10 Ways to Keep Chickens Cool
Did you know that chickens can’t sweat? They have no external sweat glands so they have to find other ways to get rid of excess body heat in the summertime. Chickens can begin to overheat in temperatures higher than 85 degrees F (depending on the breed). Because of this, it is imperative for you as a chicken owner to take steps to help keep your chickens cool in the heat of summer.
Keeping Chickens Cool in Summer
The first step to keeping your chickens cool is to be able to recognize the signs of an overheated chicken. If you are able to tell when they are too hot, then you will be able to adjust your cooling methods accordingly.
How to know if chickens are too hot
- Pale or floppy combs
- Lifting wings away from body
- Decreased appetite
- Decreased egg production
Chicken Breeds and Heat
Some chicken breeds do better in hot climates than other breeds. Heavy breeds with dense feathering may have more trouble tolerating extreme heat than lighter breeds.
How to Keep Chickens Cool
1. Make sure they have access to shade.
Shade is extremely important especially during heat waves. You can provide shade in the form of a structure (a coop, lean-to, etc.) or you can put up a shade cloth for your animals.
My chickens are free range so they find shade wherever they feel like it around the property. Sometimes that is in their coop, sometimes it is under the crepe myrtle, and sometimes it is under the rabbit lean-to.
2. Provide a constant source of cool water.
Automatic watering systems are great to ensure that your animals don’t run out of water, but you may need to refill during the day to keep the water from getting too warm. You can also fill up a smaller waterer and refill it as needed throughout the day.
The birds are less likely to stay hydrated if the water is warm, so be sure to keep the waterer in a shady area so it stays cool longer. You can even add ice cubes into the water to help out with this.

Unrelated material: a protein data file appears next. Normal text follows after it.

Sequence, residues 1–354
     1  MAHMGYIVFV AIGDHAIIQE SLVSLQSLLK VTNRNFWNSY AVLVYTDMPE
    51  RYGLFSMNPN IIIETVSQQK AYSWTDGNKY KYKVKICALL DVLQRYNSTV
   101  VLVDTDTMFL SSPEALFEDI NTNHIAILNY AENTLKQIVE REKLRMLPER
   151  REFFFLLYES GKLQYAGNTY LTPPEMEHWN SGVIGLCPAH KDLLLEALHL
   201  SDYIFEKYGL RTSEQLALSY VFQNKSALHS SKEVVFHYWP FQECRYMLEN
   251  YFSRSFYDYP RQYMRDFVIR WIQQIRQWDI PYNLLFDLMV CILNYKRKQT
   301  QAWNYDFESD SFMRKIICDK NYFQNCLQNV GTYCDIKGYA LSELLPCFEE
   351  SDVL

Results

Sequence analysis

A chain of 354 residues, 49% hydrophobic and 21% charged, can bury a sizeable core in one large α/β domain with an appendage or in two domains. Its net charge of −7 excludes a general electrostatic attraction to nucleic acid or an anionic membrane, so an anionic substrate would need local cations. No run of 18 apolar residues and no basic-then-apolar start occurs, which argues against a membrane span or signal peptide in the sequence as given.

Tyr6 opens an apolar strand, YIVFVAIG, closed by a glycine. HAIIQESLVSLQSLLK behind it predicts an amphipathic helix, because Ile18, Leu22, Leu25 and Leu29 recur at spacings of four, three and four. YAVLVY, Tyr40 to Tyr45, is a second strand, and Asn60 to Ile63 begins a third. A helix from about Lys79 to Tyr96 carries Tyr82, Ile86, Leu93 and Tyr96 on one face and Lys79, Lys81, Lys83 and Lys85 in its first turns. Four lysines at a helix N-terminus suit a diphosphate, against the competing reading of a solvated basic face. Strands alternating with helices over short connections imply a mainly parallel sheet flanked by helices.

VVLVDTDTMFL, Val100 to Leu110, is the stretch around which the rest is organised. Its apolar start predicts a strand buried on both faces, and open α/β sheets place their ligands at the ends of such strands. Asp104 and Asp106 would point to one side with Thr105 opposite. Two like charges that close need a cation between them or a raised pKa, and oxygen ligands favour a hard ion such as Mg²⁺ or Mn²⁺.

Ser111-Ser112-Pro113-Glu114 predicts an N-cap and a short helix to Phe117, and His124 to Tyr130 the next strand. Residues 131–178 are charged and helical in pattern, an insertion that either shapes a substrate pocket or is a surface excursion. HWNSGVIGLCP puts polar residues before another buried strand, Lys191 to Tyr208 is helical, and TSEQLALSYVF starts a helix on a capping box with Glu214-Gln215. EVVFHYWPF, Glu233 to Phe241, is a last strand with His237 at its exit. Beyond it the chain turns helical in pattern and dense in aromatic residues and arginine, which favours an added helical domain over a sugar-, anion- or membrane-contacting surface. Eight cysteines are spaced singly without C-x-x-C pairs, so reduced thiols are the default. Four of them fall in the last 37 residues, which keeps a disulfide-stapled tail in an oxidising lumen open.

3. Give them more space if possible.
Free ranging is great for chickens during heat waves because they can move around as needed to find new sources of shade and hydration. If you can’t free range them, make sure that they are at least in a ventilated area where they can move around.
4. Provide good air flow.
You can add a small fan to the chicken coop if there is not already airflow moving in and out. Make sure that the birds can move in and out of the breeze from the fan as needed.
If the coop doesn’t have proper ventilation, make changes before the next heat wave hits. You could add a screened opening and a built-in fan to the coop wall to keep chickens cool the next time around.
5. Give occasional frozen treats.
You can freeze fruits, veggies, and herbs in ice cubes for your small livestock. Ice cubes with treats inside can help the animals to cool off for a bit and stay hydrated as they have to peck through the ice to get to their treats. You can also freeze fresh fruit or give cold watermelon as a special cooling treat.
Only give these treats occasionally or they can cause the animals to have trouble naturally regulating their body temperatures.
6. Keep bedding clean.
It is not recommended to use the deep litter method when it is hot outside. Having too much manure or litter in the housing area can increase the temperature significantly.
Clean the bedding often to help keep chickens cool and strong odors.
7. Provide dust or dirt.
If your chickens are in an area where they have no access to dust or dirt, provide some. They need to be able to take a dust bath in cool dirt to rid themselves of mites and to lower their body temperatures.
8. Add electrolytes to the water.
Electrolytes help to regulate fluid levels in the body so they aid in hydration. You can find livestock electrolytes to add to your waterers at your local farm & feed store.
9. Avoid overcrowding the birds.
More birds equals more heat. If you have too many chickens for the space they are in, they will overheat much more quickly.
10. Mist the chicken area with water.
Chickens cool themselves by panting and holding their wings out away from their bodies. Spraying water directly on them can decrease their ability to naturally cool off, BUT misting the air around them can be beneficial.
Misting around the chicken area cools the air through evaporative cooling. The chickens can walk through the mist if they choose to, but they shouldn’t be sprayed straight on.
If you have taken all reasonable steps to keep your chickens cool and they are still too hot, you may need to bring them inside to the air conditioner to wait out the heat wave. I have never had this happen (and our heat index has been between 100-110 degrees F recently), but it is a last resort option.